drawing a spiral test could help detect parkinsons disease - drawing tablet-ITATOUCH-img

drawing a spiral test could help detect parkinson's disease - drawing tablet

by:ITATOUCH     2020-04-05
drawing a spiral test could help detect parkinson\'s disease  -  drawing tablet
A study found that drawing a simple spiral can determine whether a person has Parkinson's disease, far enough in advance to avoid brain damage.
The new diagnostic approach developed by Australian scientists is the first to be able to detect the disease early enough for preventive treatment.
The automatic program works by analyzing how long it takes for volunteers to draw a spiral on a tablet, how much pressure they apply, and the features of the lines.
At present, Parkinson's disease is often diagnosed when a person already has tremor and stiffness, and by that stage many of their dopamine-
Brain cells have died.
The earlier doctors can implement treatment, the greater the number of neurons they can preserve, which greatly slows the progress of the disease.
Scientists already know that symptoms that occur early in the disease can interfere with a person's ability to write or sketch.
The Helix is considered a reasonable test because, unlike writing words, patient education is unlikely to affect quality.
However, the current approach requires well-trained experts to interpret the sketch, which means that the tool is not widely used.
In contrast, the new tablet program promises ease of use, which means that any family doctor can operate.
Professor Dinesh Kuman said: "It is crucial to delay the time the treatment starts because we know that it may be too late when someone starts to experience tremor or stiffness," from RMIT University in Melbourne, lead the study.
Patients with Parkinson's tend to move the pen more slowly when drawing sketches, and apply less pressure on the page.
The study, published in the journal Neurology frontier, claimed that their new system could automatically detect whether users had Parkinson's disease, with an accuracy rate of 93.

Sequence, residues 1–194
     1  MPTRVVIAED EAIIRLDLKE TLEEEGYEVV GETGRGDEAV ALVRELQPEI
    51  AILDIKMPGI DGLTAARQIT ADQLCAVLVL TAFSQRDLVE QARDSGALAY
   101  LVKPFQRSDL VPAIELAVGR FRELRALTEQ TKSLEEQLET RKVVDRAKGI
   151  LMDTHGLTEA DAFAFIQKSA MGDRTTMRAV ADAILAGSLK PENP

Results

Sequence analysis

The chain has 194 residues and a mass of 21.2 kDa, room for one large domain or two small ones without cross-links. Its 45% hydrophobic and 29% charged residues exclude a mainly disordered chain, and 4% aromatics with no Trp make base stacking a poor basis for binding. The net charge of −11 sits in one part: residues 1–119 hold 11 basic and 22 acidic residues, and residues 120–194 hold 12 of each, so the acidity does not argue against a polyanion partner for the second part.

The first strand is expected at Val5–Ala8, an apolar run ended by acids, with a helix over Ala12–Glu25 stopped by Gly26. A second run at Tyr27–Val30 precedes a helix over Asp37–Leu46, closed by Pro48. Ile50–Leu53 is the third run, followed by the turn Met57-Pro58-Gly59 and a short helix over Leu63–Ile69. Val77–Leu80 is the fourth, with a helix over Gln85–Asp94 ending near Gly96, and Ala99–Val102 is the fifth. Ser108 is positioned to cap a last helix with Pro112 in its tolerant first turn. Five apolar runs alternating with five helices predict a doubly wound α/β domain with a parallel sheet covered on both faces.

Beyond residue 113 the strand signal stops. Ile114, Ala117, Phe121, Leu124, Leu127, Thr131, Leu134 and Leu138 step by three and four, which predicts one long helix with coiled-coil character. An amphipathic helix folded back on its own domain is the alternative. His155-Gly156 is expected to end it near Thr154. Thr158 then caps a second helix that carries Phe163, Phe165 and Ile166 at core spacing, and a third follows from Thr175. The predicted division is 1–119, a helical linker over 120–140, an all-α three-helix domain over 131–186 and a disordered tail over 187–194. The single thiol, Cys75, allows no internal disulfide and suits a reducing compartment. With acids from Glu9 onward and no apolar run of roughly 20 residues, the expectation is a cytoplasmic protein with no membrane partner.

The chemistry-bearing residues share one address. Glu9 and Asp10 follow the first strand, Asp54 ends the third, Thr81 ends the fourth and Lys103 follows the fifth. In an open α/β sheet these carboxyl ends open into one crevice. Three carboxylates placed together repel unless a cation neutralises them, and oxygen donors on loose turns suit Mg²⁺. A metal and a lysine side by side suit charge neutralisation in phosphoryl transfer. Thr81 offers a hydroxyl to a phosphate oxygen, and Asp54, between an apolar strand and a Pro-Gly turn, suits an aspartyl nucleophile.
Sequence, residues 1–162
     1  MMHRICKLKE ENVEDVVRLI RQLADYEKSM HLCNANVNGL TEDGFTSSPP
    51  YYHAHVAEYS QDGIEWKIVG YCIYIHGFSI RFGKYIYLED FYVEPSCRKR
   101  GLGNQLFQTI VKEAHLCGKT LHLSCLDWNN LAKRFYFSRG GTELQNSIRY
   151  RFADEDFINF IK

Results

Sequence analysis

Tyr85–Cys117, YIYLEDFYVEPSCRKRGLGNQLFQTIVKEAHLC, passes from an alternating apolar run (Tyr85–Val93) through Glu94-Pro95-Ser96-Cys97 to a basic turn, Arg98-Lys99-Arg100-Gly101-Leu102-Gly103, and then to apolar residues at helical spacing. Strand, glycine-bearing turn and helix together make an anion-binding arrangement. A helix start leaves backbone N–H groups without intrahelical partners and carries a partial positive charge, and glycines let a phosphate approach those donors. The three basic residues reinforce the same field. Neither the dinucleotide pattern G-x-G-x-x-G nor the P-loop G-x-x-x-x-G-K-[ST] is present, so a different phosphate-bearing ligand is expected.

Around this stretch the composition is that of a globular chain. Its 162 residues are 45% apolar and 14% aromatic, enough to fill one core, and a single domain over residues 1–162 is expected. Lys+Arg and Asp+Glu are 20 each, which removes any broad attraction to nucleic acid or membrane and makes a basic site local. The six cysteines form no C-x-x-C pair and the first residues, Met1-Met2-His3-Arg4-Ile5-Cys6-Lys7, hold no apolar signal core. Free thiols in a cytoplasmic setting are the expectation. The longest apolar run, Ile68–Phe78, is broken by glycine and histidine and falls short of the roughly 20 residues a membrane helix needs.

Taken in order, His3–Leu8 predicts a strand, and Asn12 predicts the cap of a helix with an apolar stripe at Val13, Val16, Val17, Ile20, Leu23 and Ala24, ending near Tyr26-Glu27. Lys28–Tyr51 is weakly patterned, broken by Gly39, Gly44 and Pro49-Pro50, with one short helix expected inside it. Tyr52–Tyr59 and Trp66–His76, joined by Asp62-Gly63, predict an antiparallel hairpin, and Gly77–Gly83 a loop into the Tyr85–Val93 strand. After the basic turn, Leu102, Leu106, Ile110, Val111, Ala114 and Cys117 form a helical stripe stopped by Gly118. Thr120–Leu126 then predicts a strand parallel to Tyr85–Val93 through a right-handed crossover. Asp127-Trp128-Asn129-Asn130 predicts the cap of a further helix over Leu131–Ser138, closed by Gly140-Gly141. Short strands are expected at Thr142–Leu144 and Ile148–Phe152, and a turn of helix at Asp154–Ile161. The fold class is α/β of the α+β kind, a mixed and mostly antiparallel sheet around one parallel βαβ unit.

Hardware includes A3-
A size drawing tablet with dotted lines, indicating the shape of the spiral.
The pen reads the average downward pressure of each shape, combined with the time it takes to complete the spiral. Twenty-
Seven Parkinson's patients in their 60 s and 70 s were tested on the system, as well as 28 non-Parkinson's patients of comparable age.
"Our goal is to develop an affordable automated electronic system for the early days.
"Stage diagnosis of Parkinson's disease, community doctors or caregivers can be used easily," said Poonam Zham, another researcher . ".
"The system can automatically provide accurate diagnosis of Parkinson's disease and can also be used to monitor the impact of treatment on the disease.
He added that the device could be used as part of routine screening for the disease, which could be done every few years after middle age.
Data from Australian studies need to be enhanced by use in a large number of patients before they can be introduced to GP surgery in general.
Parkinson's disease, which has not yet been cured, is caused by the loss of some nerve cells in the brain called the nigra department, resulting in a decrease in chemical dopamine.
Approximately 160,000 people are expected to be affected by Parkinson's disease by 2020.
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